Stocks treading water early … US factory output up in August … GM, UAW to resume contract talks
Resending to correctly label Midday BusinessMinute instead of Morning BusinessMinute.
NEW YORK (AP) – Stocks are treading water early today as energy companies give back some of Monday’s gains. Oil prices are down more than 4% after surging over 14% Monday following a weekend attack on oil facilities in Saudi Arabia. Bank stocks are dropping for a second straight day. Household product makers are among the early gainers. At 10:22 a.m. Eastern Time, the S&P 500 was down 1 point, to 2,997. The Dow was down 52 points, to 27,025. And the Nasdaq was down 11 points, to 8,144. The yield on the 10-year Treasury held steady at 1.84% after dropping Monday.
WASHINGTON (AP) – U.S. factory output increased in August at a solid clip, reversing a sharp drop in July, as production of metals, machinery and chemicals all rose. The Federal Reserve says manufacturing production climbed 0.5% last month, after a 0.4% drop in July. Manufacturers have been hit this year by the U.S.-China trade war, which has raised their costs and curtailed their exports. Manufacturing output fell in the first two quarters of this year, the first time that’s happened since 2016. In the past 12 months, factory output has fallen 0.4%.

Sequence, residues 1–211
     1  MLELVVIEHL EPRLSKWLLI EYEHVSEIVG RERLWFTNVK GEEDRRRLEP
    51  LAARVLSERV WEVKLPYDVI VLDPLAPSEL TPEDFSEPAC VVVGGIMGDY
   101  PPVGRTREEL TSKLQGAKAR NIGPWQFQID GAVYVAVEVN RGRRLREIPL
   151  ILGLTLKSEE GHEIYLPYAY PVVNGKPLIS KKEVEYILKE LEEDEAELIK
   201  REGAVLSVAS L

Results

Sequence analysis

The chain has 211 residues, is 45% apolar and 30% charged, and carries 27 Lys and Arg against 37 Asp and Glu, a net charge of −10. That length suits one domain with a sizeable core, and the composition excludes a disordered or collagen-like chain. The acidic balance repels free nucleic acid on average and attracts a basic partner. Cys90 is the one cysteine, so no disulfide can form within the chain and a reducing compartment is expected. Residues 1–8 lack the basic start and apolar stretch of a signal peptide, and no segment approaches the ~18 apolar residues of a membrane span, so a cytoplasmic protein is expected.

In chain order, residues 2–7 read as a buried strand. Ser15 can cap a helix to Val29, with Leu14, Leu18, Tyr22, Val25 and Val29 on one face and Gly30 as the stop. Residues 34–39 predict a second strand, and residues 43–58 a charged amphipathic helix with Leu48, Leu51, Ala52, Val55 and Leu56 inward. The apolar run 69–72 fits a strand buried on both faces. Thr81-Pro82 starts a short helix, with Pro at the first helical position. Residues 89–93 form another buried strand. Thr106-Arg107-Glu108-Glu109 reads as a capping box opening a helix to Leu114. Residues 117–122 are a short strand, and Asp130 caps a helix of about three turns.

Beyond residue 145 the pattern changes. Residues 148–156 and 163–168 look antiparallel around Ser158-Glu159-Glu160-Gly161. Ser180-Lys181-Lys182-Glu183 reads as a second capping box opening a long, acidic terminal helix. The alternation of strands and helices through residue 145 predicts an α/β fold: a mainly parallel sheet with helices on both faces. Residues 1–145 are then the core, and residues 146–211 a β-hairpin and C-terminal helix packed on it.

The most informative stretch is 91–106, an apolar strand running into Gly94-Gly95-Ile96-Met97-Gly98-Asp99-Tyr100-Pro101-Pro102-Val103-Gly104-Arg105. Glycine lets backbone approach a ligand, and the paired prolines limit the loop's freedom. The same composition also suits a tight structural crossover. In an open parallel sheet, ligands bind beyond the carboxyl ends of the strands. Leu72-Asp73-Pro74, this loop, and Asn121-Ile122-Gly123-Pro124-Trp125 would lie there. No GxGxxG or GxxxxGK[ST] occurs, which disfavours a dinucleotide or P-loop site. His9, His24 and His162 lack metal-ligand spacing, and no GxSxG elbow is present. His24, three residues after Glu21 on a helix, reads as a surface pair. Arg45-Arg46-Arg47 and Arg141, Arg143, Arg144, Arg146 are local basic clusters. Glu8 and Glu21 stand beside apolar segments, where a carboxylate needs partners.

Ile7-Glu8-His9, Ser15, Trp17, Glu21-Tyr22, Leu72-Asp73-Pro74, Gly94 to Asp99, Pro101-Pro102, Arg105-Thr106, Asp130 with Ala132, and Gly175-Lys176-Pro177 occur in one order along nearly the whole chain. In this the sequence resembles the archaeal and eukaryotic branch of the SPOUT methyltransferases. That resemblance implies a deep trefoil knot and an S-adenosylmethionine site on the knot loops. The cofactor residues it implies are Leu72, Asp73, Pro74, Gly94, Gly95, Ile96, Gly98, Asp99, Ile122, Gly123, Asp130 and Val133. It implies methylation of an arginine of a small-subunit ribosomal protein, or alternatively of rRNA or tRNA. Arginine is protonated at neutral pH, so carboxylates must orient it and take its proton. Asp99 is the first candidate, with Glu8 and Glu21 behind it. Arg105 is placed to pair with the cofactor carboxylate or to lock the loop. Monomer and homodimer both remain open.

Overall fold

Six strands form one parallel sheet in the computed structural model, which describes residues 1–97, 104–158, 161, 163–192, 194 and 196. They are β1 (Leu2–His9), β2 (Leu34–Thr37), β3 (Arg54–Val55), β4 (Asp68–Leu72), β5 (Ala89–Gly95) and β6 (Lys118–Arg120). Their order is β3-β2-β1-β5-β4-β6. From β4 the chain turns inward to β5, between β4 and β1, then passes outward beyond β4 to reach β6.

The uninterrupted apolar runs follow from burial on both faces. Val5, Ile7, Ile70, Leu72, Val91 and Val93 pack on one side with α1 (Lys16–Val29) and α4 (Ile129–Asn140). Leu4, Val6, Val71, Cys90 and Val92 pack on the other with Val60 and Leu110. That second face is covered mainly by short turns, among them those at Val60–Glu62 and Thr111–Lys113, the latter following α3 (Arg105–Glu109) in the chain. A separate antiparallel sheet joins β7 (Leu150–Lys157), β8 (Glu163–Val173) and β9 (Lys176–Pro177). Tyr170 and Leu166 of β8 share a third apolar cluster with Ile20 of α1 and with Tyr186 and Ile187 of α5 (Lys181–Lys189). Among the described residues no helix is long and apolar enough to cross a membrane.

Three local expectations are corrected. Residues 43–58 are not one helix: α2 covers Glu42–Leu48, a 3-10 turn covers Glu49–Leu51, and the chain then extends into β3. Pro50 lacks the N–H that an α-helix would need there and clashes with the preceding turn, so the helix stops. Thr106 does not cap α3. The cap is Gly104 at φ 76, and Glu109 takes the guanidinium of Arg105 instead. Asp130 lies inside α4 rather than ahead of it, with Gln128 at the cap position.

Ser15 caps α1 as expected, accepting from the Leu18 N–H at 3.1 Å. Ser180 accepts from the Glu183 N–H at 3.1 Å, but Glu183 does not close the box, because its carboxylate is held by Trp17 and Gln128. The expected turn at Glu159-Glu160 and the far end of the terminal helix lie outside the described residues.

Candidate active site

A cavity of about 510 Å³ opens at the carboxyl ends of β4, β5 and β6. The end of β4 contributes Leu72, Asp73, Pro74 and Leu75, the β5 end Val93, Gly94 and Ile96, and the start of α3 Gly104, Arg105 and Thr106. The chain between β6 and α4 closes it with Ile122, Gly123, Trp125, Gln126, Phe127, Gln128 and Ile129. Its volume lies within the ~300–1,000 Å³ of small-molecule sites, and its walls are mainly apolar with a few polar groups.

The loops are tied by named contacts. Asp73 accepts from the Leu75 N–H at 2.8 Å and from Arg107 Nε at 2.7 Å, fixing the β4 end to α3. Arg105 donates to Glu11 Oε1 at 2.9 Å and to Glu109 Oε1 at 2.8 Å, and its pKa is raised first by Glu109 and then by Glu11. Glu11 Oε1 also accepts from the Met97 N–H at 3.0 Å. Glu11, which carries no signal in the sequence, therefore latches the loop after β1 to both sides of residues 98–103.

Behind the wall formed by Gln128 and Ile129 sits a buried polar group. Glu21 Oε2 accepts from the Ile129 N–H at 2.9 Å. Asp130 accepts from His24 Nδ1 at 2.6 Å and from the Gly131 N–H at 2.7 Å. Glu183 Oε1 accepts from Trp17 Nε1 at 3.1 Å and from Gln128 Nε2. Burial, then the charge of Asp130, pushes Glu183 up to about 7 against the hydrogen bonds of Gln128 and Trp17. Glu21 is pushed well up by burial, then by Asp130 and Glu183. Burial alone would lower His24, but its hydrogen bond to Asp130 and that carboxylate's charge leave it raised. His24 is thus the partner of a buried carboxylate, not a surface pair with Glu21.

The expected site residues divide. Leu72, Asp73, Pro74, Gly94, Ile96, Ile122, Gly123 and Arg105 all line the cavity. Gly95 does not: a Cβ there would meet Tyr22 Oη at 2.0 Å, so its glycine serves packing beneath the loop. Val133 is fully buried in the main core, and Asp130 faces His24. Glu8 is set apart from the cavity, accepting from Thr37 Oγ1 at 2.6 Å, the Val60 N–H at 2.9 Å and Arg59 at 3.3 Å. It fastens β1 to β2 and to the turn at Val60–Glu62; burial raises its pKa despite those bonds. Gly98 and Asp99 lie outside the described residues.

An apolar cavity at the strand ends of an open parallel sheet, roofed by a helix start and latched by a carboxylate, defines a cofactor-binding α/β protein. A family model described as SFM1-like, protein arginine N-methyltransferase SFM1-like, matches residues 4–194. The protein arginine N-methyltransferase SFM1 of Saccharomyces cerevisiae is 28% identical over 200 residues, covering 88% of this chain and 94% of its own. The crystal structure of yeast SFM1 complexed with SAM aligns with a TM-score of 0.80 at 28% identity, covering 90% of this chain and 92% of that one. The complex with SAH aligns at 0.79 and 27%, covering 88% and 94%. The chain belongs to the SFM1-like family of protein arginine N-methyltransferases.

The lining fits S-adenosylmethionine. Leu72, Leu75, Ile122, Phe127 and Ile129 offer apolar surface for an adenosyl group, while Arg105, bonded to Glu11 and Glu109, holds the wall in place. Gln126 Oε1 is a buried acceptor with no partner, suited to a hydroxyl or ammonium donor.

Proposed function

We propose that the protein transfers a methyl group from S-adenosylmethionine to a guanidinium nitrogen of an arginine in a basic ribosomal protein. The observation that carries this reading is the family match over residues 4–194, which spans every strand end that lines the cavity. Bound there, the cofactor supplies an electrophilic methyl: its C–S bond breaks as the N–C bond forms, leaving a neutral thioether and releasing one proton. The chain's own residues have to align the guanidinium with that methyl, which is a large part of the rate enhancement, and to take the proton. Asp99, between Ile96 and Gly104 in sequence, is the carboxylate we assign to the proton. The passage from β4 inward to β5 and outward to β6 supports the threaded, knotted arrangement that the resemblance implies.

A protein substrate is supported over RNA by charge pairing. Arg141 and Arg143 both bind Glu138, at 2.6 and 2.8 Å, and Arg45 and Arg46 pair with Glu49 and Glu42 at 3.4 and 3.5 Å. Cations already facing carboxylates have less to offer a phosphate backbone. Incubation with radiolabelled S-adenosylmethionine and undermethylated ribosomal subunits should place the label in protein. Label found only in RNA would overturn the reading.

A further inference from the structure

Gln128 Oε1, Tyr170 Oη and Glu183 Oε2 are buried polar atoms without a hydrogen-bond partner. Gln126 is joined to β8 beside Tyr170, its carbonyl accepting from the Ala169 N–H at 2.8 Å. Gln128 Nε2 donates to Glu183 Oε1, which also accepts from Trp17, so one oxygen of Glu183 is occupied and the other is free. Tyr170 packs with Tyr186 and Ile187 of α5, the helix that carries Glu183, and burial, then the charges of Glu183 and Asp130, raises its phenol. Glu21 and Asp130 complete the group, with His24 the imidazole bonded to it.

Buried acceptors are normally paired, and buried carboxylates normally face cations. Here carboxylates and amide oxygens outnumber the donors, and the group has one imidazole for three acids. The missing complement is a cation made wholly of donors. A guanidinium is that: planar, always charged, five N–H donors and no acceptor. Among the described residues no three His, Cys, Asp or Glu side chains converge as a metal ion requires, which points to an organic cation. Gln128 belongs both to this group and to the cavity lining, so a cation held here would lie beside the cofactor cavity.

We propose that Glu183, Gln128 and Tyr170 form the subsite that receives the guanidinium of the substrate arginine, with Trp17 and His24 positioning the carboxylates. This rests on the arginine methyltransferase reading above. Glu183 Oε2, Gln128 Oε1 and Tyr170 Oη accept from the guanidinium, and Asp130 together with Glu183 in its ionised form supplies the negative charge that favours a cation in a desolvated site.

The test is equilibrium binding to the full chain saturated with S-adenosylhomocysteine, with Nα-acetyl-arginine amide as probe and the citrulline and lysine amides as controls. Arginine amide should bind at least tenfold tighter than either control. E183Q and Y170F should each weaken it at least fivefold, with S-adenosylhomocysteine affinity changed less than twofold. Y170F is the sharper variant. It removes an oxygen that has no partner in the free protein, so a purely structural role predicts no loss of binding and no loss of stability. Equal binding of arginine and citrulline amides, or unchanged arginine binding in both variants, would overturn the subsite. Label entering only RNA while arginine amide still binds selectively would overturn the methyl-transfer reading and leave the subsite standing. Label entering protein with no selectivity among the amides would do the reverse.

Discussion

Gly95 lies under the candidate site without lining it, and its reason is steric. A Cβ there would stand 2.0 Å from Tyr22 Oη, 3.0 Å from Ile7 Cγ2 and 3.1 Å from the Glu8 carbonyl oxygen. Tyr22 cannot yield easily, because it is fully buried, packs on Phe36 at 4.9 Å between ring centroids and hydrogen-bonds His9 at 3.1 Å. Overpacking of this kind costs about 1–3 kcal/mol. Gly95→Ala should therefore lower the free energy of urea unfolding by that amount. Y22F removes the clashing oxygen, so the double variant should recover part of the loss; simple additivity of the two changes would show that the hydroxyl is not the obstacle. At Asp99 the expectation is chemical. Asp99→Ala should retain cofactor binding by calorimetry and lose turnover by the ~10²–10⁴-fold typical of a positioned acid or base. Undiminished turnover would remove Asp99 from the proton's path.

DETROIT (AP) – Talks between General Motors and the United Auto Workers are set to resume today after a pause in talks overnight. UAW spokesman Brian Rothenberg says, “They are talking, they’ve made progress, we’ll see how long it takes.” A walkout early Monday by upward of 49,000 United Auto Workers members has brought to a standstill more than 50 factories and parts warehouses in the union’s first strike against the No. 1 U.S. automaker in over a decade.
NEW YORK (AP) – The drug company that makes OxyContin is expected to appear in a federal bankruptcy court in White Plains, New York, today. Purdue Pharma filed for bankruptcy protection late Sunday, in the first step to reimbursing state and local governments for the cleanup of damage done by opioids and powerful prescription painkillers. These drugs have been blamed for more than 400,000 deaths in the U.S. in the past two decades.
NEW YORK (AP) – WeWork is pushing back its public debut with investor confidence in the office share company once valued at around $47 billion appearing to grow shaky. Wall Street had expected WeWork to begin a road show to market its shares as early as next week. The company said recently that those shares would be listed on the Nasdaq. In a blistering hot year for IPO, the New York company appears to be having difficulty generating investor enthusiasm. WeWork lost $1.61 billion last year while bringing in $1.82 billion in revenue.